Prevent traffic to/from an IP address or subnet.
    More efficient than an iptables rule ?

    See "Linux Network Interfaces" section.

  • Trickle:

    ArchWiki's "Trickle"
    Reduce bandwidth available to a single process.

  • Docker to isolate a single process ?

    "docker run --rm -it -v $PWD/untrustedprogram:/untrustedprogram:ro ubuntu:latest" ?

  • ulimit

    To run an app using limited amount of memory:
    ulimit -Sv NUMKBYTES

  • cpulimit:

    Gregory Bartholomew article
    Limit CPU available to a single process.

  • corectl:

    Automatically configure your system when a program is launched.

Chris Siebenmann's "The likely long-term result of good on-host (host-based) firewalls"

My evaluation

The mainstream solutions (at least, in Mint) seem to be Firejail and AppArmor.

  • Firejail better because:
    • Can have different icons that launch an app with/without Firejail.
    • Can have private copies of /dev, /bin, /tmp, /etc.
    • Easy to say nodvd, noshell, noroot.
    • In Mint, there are far more Firejail profiles than AppArmor profiles.

  • AppArmor better because:
    • No way to evade controls when you launch an app.
    • Lots of fine-grained controls on D-Bus.
    • Can set detailed rwxmk permissions on directory trees and files; Firejail just has whitelist/blacklist.
    • Has some kind of controls on "signals".

  • Neither AppArmor nor Firejail supports restricting network access to just X system, or just localhost, or just LAN addresses.

  • Trying to use both AppArmor and Firejail on same app usually fails.

  • In Mint, by default, AppArmor is controlling several daemons, such as dhcp, cups, mysql-akonadi, Clam updater, ippusbxd (USB printer).

  • I think I would try to get my key applications running in Firejail. Leave AppArmor enforcing on the daemons.

Opinion: firewalls / app control / security is a mess

Firejail, AppArmor, SELinux, Yama, iptables, ip6tables, nftables, bpf, ufw, gufw, firewalld, netfilter, VPN, IDS, IPS, etc. Why can't we have one integrated solution, with a body of rules that can do filesystem and network access and syscall access and service and app and login control, and take user ID, app ID, MAC address, IP address, IP port, etc as input to the rules ?

  • I'd like to control Firefox now. I go to the Security GUI, select Firefox, and I see everything about it: what files/dirs it can access, what syscalls it can do, what devices, what IP ports, domain whitelists and blacklists, what users/groups can access it, everything. All in one place. I don't care if separate kernel modules do the networking and the filesystem control, and some module inside Firefox does the domain whitelist/blacklist.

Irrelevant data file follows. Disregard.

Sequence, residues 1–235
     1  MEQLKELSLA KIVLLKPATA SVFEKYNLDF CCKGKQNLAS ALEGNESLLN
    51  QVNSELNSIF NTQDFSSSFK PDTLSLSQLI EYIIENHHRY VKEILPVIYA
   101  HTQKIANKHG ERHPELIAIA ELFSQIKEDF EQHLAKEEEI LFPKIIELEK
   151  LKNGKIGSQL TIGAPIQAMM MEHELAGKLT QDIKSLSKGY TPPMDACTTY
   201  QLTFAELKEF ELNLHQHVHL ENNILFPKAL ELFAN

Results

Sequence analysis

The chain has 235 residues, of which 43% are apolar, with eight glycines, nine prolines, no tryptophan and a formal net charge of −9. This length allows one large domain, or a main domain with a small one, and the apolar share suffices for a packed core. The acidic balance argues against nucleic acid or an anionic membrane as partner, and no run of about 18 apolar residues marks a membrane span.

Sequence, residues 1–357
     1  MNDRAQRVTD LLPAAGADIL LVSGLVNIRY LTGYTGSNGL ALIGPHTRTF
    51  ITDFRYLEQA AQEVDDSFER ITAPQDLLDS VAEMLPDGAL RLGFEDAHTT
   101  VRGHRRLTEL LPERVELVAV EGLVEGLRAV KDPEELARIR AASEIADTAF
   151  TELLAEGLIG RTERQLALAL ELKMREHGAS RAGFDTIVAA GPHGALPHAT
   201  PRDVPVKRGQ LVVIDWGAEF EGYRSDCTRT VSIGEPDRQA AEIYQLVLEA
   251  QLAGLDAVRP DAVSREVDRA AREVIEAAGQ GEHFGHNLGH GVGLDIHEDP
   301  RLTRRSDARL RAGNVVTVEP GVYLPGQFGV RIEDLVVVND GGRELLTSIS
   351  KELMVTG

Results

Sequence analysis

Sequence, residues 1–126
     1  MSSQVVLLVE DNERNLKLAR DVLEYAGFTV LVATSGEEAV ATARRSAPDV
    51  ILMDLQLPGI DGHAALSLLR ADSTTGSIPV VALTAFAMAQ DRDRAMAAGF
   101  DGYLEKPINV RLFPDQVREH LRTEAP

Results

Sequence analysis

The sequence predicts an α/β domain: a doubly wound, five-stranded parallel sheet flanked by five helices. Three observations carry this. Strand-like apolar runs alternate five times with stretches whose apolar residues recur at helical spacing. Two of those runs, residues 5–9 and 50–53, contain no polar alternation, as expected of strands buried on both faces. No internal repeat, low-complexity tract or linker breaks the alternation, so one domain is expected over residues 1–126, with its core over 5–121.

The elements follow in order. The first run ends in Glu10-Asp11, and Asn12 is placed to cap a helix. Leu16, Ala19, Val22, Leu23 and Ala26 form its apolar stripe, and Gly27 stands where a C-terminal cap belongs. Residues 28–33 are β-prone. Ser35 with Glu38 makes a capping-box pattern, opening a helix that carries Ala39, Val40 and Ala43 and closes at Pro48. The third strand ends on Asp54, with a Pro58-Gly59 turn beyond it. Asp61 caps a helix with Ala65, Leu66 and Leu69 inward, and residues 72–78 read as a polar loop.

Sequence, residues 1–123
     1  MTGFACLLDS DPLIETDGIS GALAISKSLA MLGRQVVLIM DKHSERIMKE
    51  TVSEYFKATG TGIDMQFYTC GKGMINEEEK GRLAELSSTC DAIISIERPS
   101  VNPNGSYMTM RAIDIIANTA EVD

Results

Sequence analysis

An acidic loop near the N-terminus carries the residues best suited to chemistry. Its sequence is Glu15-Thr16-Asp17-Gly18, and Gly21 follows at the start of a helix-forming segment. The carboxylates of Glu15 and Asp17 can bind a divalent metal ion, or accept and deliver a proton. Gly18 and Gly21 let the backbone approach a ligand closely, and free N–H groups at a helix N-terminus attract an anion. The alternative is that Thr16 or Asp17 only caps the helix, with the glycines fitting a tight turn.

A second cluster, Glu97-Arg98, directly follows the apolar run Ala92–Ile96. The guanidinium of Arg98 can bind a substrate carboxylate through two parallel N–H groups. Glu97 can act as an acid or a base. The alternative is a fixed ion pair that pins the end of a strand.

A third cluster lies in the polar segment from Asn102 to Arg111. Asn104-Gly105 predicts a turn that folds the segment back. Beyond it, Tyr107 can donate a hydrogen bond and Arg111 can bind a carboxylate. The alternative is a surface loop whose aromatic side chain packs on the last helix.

• Same for any other app or service or module. I go to the Security GUI and choose my password manager app. In one place, I can control everything about it: filesystem access, network access, syscalls, etc.

  • I don't want my system to do anything with IPv6. I go to the Security GUI and choose IPv6. In one place, I can control everything about it: turn it off for everything, turn off incoming, whatever. Later, maybe I decide only Firefox can do IPv6. I can check a box to allow that.

  • "Networking" should have zones: can/can't access internet, can/can't access router, can/can't access other devices on LAN, maybe also services listening on localhost. And internally X11 does networking, so that has to be allowed.

  • I don't want user "skype" (which owns Skype app and the cron job that updates it) to be able to contact any domains except Microsoft's Skype domain. I go to the Security GUI and choose user "skype" and set the appropriate things.

I think today Firejail and AppArmor already mix some of this. You can set filesystem, syscall and network permissions in a Firejail profile or an AppArmor profile, I think. But Firejail and AppArmor settings are hard to share across many apps, and iptables rules know nothing about applications/processes. Iptables has a module that allows rules based on connection state, but I don't think Firejail and AppArmor have anything like that.

Interesting: make a noise any time a tracker domain is accessed:
Bert Hubert's "Tracker Beeper" (Google only, *nix only)

System Hardware Monitoring and Control

Periodically check the health of your drives. Record the stats.
Wikipedia's "ACPI"'s "ACPI Support"
mjg59's "Why ACPI?"
UEFI's "Links to ACPI-related Documents"

Software Resource Monitoring

Network Monitoring

This section is for tools used by a person. For tools that generally run unattended, see the Network Control section.

Some terms:

Traffic monitoring and analysis

  • netstat:

    To see what incoming ports are open and/or have listeners on them, do "sudo netstat -tulp".

    To see what connections have been established and by what app, do "sudo netstat -tp".

    Mehedi Hasan's "Linux Netstat Command Tutorial for SysAdmins"

  • ss:

    To see what connections have been established, do "ss -tun state connected".

  • lsof:

    To see established connections, do "sudo lsof -i" or "lsof -i TCP".

  • iptraf-ng:

    Ran "sudo iptraf-ng". If you want names instead of numbers, go into "Configure" and turn on "Reverse DNS lookups" and "TCP/UDP Service names". Exit out of Configuration and then go to "IP traffic monitor".
    Shows both UDP and TCP.

  • iftop:

    Ran "sudo iftop -P". Type "h" to get into and out of help screen.
    It does show cumulative totals; you may have to press "T".
    But it just shows IP addresses and port numbers; no app or service names.

  • Nethogs:

    Ran "sudo nethogs".
    But it seems to show only currently active processes, not a historical/cumulative log.
    Aha ! "sudo nethogs -v 3" will show cumulative, so apps don't disappear from the list after they terminate.

    Tried to install hogwatch, but got a lot of "error: invalid command 'bdist_wheel'" problems.

  • ntopng:

    But it won't start up, says address or port 3000 is busy. Turned off VPN, maybe iptables is stopping it, gave up.